Poorly designed valve gate systems and operator errors have also caused problems for molders. Following are some examples and recommended solutions.

  • O-rings can get “cooked” or damaged during operation if the operator forgets to turn the cooling on or due to wear. O-ring-free actuators avoid this problem.
  • Cooling circuits can get clogged, whereas cooling-free actuators eliminate this problem.
  • Improperly designed air or hydraulic circuits in the tool, such as too many actuators on one circuit, can cause lag. The number of actuators on a circuit should be minimized.
  • Valve banks placed too far from the tool can cause lag. Position valve banks as close to the mold as possible and design air lines/oil lines as short as possible.
  • Valve pins may not close if the melt pressure is too high. Design the actuator, flow channels, and valve pin diameters to ensure that the gates can be closed during the cycle.
  • Valve pins can deflect under high pressure. Calculate valve pin deflection and design the valve pin assembly to minimize valve pin deflection.
  • Tapered gates may not close the same way during each cycle, so use cylindrical gates whenever possible for consistency as they guide the pins when they close.

Advanced valve gate technology can help overcome some of these limitations and help to solve the problems associated with thermal gates by giving the molder more control, better part quality and higher process efficiency.

Compact internal valve gates. Traditional valve-gated hot runners use pneumatic or hydraulic cylinders, which makes the assembly bulky and increases the required stack height. Electric actuators also present several weaknesses that make them unsuitable for stack molds, including heat sensitivity. An advanced internal valve gate nozzle eliminates the need for bulky actuators because the cylinder is inside the nozzle assembly, significantly reducing the required stack height and tooling costs.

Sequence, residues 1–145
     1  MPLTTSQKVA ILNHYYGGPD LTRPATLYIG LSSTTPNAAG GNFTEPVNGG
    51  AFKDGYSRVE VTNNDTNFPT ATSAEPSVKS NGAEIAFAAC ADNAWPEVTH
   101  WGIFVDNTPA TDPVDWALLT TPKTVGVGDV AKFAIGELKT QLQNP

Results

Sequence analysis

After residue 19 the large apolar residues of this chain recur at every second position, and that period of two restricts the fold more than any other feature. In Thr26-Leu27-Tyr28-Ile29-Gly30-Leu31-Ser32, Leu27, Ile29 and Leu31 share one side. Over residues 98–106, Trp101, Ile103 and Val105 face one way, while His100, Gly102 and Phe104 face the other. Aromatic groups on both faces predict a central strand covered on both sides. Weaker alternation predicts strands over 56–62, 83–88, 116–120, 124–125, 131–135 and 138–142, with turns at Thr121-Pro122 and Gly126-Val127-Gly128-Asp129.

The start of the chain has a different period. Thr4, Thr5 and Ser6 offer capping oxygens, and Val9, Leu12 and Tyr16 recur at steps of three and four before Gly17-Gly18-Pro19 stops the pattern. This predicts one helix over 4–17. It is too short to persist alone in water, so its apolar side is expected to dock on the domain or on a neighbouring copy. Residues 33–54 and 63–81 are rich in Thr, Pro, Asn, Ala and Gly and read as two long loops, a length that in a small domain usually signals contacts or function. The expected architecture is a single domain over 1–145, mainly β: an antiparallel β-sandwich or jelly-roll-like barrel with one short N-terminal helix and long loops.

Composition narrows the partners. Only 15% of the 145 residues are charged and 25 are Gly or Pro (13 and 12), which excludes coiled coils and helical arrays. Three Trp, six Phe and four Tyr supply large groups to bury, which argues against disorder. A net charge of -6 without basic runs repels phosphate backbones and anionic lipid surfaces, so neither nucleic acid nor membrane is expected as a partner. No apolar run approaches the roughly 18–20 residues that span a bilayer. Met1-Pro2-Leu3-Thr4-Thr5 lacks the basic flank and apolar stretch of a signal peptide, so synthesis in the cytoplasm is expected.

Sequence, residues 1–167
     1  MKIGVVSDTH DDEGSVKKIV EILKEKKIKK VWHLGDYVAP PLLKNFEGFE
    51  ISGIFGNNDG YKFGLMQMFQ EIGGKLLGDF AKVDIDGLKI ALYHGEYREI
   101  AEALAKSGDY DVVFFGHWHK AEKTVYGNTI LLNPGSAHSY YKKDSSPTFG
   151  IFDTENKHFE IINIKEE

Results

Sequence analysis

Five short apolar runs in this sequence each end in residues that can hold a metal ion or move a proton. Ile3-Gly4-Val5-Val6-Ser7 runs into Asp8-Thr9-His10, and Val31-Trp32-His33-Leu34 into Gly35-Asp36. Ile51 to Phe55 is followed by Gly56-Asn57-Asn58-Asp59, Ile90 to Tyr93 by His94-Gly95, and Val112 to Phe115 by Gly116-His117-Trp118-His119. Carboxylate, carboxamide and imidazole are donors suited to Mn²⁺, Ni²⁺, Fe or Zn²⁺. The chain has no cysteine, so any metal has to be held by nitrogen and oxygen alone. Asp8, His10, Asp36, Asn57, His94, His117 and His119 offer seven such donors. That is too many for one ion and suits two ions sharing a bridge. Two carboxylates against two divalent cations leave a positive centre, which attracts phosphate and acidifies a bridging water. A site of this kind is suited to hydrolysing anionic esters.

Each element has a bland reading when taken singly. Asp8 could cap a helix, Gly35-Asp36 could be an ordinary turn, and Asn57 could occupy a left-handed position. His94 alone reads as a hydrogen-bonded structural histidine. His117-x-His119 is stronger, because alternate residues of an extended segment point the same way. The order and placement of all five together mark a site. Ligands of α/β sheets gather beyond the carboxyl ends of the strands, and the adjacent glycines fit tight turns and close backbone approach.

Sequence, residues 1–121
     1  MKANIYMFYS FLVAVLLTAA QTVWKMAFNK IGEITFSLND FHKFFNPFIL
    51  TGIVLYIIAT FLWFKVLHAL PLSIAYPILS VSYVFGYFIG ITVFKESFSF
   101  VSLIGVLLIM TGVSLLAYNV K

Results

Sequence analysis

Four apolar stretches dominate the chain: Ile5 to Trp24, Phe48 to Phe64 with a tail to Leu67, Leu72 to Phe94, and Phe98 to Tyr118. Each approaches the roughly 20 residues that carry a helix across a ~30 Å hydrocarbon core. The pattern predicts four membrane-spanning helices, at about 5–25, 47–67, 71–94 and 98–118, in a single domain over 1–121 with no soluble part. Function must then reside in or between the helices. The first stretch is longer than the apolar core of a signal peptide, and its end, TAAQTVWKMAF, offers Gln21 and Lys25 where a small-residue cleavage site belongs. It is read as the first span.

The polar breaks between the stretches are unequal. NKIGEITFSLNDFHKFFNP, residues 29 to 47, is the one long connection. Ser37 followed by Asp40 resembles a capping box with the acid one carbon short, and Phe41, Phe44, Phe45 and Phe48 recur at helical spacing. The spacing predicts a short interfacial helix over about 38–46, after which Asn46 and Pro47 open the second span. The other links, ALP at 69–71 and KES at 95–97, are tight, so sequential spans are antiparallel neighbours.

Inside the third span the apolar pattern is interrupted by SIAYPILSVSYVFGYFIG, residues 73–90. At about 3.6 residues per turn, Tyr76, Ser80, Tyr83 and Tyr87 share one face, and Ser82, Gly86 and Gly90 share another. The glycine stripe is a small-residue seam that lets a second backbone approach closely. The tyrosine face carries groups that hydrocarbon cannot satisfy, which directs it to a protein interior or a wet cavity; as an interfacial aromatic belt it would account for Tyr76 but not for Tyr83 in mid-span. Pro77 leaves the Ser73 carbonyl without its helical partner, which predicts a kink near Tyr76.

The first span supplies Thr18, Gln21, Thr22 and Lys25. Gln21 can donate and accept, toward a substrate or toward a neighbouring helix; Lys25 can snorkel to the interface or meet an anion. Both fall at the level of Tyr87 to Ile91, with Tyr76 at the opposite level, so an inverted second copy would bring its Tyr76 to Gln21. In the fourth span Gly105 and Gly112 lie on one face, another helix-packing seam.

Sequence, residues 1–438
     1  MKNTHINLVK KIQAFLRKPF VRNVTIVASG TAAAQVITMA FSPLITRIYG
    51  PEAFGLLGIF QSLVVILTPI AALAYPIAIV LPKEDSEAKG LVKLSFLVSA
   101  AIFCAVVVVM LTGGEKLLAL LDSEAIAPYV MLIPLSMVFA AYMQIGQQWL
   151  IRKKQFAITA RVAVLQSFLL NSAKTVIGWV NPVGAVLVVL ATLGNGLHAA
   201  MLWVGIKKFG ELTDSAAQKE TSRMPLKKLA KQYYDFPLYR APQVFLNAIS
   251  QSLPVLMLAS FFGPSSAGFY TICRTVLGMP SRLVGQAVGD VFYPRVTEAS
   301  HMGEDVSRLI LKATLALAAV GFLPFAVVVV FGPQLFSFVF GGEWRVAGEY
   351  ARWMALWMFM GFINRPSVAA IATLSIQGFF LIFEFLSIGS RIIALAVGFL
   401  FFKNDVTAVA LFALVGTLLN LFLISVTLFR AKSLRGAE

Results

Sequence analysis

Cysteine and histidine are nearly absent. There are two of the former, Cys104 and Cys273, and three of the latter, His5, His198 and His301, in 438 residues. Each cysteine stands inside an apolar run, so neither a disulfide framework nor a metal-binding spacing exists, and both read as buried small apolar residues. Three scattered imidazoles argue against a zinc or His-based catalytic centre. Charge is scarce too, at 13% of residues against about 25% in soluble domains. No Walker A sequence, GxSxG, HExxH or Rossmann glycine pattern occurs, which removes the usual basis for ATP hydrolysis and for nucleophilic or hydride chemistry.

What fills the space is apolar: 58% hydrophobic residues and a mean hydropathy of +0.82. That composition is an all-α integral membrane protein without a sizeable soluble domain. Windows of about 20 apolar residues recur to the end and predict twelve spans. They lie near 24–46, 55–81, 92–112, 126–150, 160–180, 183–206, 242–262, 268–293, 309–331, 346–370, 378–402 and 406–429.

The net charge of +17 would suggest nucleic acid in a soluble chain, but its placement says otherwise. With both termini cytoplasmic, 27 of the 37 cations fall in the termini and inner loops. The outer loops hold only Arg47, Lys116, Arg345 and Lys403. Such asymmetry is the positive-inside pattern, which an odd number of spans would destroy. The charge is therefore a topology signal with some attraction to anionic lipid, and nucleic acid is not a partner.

The actuator inside this nozzle does not require O-rings or cooling, which not only reduces the maintenance costs of valve-gating but also allows them to be used in high-temperature applications, to process materials such as PEEK at 450°C. This design enables molders to use them in a variety of applications, from 64+64 cavity stack molds to micro-molding.

The design of advanced actuators does not require O-rings. Unlike electric valve gates and conventional pneumatic cylinders that can fail in extremely hot operating environments, these advanced actuators can be used to process performance resins at temperatures up to 450°C.